When Mark Zuckerberg unveiled his intention to provide Internet to the two-thirds of the world without online access, he asked, "Is Connectivity a Human Right?" On Friday, Bill Gates strongly criticized the idea of the Internet as a world savior. "As a priority? It’s a joke," he said in an interview with the Financial Times on Friday.
That's not a new line of criticism, but Gates is now the most prominent tech star to join that chorus. Back in May, one unnamed entrepreneur told The New Yorker, "They actually think that Facebook is going to be the panacea for many of the world’s problems. It isn’t cynicism—it’s arrogance and ignorance." But an unnamed Silicon Valley person pales in comparison to the behemoth of Bill Gates, who echoed that sentiment. "Take this malaria vaccine, [this] weird thing that I’m thinking of," Gates sarcastically told Financial Times. "Hmm, which is more important, connectivity or malaria vaccine? If you think connectivity is the key thing, that’s great. I don’t." Don't take that as throwing shade on technology, though, as its more directed at the misguided tech philanthropy:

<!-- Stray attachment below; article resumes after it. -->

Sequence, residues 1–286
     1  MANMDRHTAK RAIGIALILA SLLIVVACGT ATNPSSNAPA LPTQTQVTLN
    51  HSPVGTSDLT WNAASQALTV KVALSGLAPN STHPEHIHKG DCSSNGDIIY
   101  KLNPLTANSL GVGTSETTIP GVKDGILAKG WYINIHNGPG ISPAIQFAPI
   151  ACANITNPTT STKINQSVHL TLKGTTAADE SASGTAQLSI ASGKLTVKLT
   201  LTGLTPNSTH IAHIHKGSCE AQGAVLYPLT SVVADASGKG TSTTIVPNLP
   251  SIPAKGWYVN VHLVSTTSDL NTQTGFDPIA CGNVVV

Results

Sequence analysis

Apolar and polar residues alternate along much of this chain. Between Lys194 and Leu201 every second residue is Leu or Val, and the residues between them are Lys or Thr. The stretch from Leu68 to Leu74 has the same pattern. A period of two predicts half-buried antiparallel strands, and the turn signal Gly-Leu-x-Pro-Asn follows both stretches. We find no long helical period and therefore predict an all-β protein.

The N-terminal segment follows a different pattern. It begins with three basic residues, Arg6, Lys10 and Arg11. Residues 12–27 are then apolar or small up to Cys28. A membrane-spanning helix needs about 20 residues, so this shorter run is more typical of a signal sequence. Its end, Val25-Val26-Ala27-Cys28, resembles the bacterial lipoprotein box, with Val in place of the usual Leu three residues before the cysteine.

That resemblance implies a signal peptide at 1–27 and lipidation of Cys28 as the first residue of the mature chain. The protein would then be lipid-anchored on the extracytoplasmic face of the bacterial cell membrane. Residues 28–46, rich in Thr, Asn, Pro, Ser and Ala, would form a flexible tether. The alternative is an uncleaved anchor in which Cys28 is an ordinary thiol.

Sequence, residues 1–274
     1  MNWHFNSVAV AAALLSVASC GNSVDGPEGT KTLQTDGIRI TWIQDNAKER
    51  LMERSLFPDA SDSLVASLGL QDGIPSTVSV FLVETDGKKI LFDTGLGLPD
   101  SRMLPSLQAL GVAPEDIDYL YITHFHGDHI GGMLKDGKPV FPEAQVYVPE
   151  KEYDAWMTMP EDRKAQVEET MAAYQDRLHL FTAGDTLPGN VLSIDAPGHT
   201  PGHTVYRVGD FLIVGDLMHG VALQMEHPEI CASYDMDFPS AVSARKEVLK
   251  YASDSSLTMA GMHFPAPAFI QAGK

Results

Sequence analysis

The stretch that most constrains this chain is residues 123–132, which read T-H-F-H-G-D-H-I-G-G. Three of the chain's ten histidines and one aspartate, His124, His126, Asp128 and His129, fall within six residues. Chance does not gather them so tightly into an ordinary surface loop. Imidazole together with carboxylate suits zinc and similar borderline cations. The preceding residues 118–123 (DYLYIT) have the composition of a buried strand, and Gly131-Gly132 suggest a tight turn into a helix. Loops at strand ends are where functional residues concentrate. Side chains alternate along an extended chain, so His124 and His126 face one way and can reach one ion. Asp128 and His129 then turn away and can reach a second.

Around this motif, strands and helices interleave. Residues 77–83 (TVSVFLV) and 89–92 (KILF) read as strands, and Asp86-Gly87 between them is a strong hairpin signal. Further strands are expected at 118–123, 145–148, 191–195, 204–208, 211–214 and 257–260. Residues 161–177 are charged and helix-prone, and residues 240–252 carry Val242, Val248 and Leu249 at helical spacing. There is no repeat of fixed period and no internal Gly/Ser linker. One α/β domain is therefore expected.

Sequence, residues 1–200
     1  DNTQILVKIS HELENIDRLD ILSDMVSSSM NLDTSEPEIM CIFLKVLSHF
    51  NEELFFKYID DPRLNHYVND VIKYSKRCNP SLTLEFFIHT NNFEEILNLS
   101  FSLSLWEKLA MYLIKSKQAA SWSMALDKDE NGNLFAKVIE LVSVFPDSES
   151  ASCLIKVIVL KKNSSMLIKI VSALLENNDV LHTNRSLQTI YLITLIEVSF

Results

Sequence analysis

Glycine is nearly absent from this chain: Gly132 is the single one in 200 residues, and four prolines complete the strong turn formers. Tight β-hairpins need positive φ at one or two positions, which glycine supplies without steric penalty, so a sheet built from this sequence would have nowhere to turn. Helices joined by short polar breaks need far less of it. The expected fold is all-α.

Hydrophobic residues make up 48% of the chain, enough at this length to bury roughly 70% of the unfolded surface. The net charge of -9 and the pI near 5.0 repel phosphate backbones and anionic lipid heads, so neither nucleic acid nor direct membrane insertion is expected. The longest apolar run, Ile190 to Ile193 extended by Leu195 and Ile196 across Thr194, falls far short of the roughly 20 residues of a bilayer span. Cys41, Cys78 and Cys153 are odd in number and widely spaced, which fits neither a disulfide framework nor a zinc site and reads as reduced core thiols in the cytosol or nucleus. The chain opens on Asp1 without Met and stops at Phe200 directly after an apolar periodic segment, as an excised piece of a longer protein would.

"I certainly love the IT thing," he says. "But when we want to improve lives, you’ve got to deal with more basic things like child survival, child nutrition."
Financial Times notes that Gates's handlers tried to prevent the Times from printing that criticism to avoid starting a fight after the interview. But Gates raises an important moral question of how to best spend money, one worth tackling. While the Gates Foundation has put an emphasis on eradicating polio, consider how Zuckerberg's money would have been spent had he targeted another common, preventable disease like tuberculosis. As the maps below show, the places without Internet and those with higher rates of TB are fairly similar.
It's not a coincidence that bad health care and a lack of a widely accessible Internet are found in similar places. After Zuckerberg's Internet.org announcement, The Wire and The New York Times, among others, questioned whether Zuckerberg's philanthropy was truly benevolent or whether it was based on economic motives--after all, more Internet could mean more Facebook users, while eradicating tuberculosis means nothing for Zuckerberg's bottom line. But in a message he hopes all of Silicon Valley hears, Gates makes the question of Zuckerberg's intent totally moot.
This article is from the archive of our partner The Wire.
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